Tuesday, March 10, 2015

Is your Phragmites native?

If you work in wetlands, you have no doubt marveled at the spectacular common reed (Phragmites australis). This grass can tower over a field biologist, growing up to 15 ft tall. It is frequently found along streambanks and ditches in Colorado. Often considered an aggressive non-native, recent development of molecular markers has led to the discovery that both native and introduced genotypes exist in North America. This evidence suggests that land managers should think twice before treating common reed like an invasive weed.

Common reed (Phragmites australis) grows in a tall stand in wetlands along the Arkansas River.
It can be difficult to determine native vs. introduced Phragmites using morphological characters. Luckily, Dr. Bernd Blossey has created a handy guide to help distinguish between them. If looking at this table makes you dizzy, the website also offers a free diagnostic service. Send them your common reed specimen, and they will key it out for you! Crystal Strouse, Fort Collins Natural Areas botanist, recently suspected that a population of Phragmites at Running Deer Natural Area was native. After sending material to Bernd Blossey, it was confirmed that the Running Deer population belongs to the native genotype of common reed. At CNHP, we plan on making more collections of this species during the 2015 field season to help determine how common the native genotype is in Colorado.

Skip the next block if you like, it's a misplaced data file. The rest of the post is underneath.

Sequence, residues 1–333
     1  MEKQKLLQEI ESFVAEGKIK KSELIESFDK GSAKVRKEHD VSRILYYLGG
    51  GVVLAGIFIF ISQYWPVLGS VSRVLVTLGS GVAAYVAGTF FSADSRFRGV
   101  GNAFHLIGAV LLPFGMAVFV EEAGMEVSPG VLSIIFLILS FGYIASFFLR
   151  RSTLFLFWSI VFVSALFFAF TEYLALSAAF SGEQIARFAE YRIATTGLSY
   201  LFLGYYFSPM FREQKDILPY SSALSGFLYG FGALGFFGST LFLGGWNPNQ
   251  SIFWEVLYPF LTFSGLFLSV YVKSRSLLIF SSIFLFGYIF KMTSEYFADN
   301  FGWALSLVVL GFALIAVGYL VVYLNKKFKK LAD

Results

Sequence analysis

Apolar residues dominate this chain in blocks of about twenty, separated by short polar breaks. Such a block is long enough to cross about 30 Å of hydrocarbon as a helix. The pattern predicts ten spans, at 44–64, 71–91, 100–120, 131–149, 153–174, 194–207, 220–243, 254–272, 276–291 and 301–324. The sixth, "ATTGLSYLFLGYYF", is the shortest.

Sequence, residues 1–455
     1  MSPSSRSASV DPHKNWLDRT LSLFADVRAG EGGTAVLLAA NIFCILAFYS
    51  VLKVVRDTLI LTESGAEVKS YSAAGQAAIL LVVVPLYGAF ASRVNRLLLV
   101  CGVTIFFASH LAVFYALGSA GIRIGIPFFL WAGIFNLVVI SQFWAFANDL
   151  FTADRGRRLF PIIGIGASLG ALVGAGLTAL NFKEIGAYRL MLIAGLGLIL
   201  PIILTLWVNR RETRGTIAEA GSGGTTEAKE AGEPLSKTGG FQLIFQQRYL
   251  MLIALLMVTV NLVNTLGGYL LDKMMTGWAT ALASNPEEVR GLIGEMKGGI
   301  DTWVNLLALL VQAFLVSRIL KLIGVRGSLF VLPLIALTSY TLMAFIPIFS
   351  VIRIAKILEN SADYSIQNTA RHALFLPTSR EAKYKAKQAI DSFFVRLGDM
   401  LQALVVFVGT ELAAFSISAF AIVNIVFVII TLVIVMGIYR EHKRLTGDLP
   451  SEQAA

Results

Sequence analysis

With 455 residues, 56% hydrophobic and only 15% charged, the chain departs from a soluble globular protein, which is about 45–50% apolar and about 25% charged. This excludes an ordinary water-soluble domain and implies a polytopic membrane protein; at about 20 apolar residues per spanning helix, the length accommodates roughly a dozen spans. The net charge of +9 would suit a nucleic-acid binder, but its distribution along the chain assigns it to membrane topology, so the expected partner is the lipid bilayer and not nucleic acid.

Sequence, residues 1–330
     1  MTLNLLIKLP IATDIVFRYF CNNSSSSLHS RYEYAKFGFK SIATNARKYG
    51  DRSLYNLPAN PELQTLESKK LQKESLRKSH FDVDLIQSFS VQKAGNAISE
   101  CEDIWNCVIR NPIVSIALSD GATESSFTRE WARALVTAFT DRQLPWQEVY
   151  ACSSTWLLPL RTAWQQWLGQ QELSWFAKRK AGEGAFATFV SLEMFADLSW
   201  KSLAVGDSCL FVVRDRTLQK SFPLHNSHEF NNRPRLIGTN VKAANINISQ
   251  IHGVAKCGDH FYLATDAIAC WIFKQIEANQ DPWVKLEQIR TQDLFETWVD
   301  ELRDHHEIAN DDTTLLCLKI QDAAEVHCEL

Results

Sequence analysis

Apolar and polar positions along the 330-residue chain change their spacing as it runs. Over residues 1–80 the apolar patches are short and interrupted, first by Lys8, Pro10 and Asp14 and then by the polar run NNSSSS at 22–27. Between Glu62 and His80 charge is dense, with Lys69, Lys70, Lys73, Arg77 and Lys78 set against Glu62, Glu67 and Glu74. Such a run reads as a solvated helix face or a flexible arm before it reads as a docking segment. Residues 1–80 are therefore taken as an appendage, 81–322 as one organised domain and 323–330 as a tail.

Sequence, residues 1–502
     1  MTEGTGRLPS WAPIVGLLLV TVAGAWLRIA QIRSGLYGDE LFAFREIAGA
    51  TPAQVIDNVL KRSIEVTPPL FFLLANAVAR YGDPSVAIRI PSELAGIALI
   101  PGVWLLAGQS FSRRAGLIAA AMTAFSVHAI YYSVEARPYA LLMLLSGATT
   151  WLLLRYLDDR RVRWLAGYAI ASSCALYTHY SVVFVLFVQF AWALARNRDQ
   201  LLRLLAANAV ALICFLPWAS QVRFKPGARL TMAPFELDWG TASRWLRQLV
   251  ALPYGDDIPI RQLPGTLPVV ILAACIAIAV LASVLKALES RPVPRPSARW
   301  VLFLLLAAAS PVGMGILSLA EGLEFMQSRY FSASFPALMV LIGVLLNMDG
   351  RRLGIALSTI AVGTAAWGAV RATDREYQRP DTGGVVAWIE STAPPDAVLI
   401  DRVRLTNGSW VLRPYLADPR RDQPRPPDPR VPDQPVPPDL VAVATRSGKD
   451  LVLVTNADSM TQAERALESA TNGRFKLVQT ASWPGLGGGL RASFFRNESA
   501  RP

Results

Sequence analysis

A stand of common reed (Phragmites australis) at Running Deer Natural Area was identified as the native genotype.

1 comment:

weltanschuuang said...

This is a great story, and thanks for the links!

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